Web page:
Tag Archives: culture

Transference

 

DVD-Video_bottom-side

Two years after buying a recordable DVD player, one year after the threats from my wife got serious, I begin transferring the home movies of my children from VHS tapes to DVDs.  I know I’m still at least one platform behind, but any digital form is better than one that can be destroyed by light, air, and time.

Because they’re analogue, I need to play them in real time to copy them.  And as I do, I watch them, and I realize that the last time I watched them was the last time I transferred them, from camcorder cassettes to VHS.  Their entire existence rests on converting them from one obsolete medium to the next.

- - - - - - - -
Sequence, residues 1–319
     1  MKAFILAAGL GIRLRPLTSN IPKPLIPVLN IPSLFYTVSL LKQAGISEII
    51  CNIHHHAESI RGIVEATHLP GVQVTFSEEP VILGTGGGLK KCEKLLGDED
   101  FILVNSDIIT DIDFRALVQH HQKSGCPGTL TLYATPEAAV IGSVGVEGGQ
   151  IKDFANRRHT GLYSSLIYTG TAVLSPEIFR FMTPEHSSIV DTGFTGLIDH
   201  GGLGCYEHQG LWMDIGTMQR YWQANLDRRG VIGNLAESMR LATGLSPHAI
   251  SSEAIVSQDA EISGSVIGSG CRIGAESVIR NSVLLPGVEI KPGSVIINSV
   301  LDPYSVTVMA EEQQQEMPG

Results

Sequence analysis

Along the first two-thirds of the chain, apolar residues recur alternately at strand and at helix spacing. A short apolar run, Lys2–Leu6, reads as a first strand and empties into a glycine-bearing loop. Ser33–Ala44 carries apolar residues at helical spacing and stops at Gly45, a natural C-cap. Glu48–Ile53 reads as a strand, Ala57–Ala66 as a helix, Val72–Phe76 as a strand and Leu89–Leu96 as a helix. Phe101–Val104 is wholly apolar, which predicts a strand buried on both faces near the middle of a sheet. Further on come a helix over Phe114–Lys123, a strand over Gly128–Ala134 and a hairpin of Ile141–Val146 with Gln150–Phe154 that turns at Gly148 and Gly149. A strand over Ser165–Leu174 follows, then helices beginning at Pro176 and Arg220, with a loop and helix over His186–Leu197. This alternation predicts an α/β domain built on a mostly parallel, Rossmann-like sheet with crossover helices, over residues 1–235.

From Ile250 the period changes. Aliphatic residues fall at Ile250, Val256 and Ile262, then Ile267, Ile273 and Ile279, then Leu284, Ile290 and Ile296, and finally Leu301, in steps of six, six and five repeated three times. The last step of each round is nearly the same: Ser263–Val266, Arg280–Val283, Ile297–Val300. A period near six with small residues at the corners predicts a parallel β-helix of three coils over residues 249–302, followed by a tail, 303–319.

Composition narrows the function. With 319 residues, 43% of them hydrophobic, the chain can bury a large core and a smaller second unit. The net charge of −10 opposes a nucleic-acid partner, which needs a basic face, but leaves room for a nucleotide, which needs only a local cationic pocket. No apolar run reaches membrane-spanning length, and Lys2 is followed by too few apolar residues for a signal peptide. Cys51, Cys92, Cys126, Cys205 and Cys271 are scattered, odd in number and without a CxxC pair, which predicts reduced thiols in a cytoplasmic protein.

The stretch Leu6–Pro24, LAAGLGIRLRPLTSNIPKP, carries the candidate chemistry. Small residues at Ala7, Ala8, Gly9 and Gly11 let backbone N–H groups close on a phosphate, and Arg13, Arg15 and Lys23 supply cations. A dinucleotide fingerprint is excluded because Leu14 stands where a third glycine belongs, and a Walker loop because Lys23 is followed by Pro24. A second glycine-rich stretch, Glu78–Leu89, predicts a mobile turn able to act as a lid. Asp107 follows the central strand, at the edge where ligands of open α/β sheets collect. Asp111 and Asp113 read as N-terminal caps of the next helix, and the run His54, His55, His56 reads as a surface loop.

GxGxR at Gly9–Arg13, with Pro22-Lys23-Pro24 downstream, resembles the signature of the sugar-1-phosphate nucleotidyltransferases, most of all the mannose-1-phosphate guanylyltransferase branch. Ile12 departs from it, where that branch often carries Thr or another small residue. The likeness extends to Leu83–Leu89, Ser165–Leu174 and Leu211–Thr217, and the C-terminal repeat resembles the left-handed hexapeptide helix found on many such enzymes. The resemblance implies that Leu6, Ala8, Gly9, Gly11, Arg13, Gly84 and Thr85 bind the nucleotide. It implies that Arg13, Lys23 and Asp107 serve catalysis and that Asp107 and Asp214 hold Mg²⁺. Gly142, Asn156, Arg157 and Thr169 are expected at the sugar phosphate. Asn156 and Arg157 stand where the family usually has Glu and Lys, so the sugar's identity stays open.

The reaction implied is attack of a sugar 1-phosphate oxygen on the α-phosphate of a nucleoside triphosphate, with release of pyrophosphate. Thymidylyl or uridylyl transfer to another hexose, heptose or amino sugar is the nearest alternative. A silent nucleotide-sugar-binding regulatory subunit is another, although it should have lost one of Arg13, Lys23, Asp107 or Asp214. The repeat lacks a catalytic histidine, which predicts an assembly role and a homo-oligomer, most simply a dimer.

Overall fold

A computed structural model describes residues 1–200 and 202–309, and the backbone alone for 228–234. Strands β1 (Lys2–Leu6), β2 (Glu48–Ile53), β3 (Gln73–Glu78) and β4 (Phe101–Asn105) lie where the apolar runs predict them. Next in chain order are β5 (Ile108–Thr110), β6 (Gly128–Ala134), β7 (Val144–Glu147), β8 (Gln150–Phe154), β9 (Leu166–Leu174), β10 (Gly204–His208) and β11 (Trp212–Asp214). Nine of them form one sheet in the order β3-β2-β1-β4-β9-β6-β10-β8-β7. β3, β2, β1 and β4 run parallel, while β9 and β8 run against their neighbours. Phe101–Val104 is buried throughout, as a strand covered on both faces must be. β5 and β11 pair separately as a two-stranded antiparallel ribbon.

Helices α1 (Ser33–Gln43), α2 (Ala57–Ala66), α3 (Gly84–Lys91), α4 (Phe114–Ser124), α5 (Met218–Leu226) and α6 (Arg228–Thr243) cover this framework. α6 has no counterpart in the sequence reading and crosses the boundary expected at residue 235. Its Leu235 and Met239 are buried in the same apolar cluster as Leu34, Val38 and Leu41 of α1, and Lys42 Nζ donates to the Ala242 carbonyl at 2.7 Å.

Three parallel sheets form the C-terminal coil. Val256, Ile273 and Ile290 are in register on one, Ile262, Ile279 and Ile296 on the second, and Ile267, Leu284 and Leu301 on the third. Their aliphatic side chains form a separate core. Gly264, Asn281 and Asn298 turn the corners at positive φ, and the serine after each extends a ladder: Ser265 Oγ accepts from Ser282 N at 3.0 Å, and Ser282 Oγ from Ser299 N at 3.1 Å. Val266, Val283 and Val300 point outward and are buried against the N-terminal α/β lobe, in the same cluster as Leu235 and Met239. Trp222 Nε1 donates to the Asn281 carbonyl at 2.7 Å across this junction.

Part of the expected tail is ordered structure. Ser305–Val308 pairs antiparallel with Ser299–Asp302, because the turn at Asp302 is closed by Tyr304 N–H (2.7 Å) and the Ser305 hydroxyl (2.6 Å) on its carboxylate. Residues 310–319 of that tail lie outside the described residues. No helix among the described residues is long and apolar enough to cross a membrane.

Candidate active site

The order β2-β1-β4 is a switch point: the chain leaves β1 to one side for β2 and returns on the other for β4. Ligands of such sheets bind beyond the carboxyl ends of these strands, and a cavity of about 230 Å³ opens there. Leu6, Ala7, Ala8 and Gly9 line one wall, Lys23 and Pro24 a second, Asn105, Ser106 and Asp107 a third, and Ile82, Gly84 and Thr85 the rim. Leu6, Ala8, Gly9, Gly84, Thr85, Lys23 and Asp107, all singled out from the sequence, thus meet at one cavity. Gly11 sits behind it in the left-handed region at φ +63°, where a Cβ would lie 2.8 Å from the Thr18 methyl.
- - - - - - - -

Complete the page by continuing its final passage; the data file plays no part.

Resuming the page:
As I watch, I see my young self and young wife, recent parents and, far more seriously, recent homebuyers.  I see my oldest son, now a teenager, as a baby, then a toddler, then an older brother to his new baby brother.  And I think, Ah, so young, so cute.  The kids, too.  The tapes from twelve to eight years ago show a new family in a small, snowbound Minnesota house, each of us swaddled and layered in Fleet Farm sweat clothes, the new baby in so many layers that he’s a Midwest Matryoshka.  All laughing and smiling, just joy, spinning, dancing.  Nine years, four houses, and three states elapse in two hours, and our daughter, now five, is born.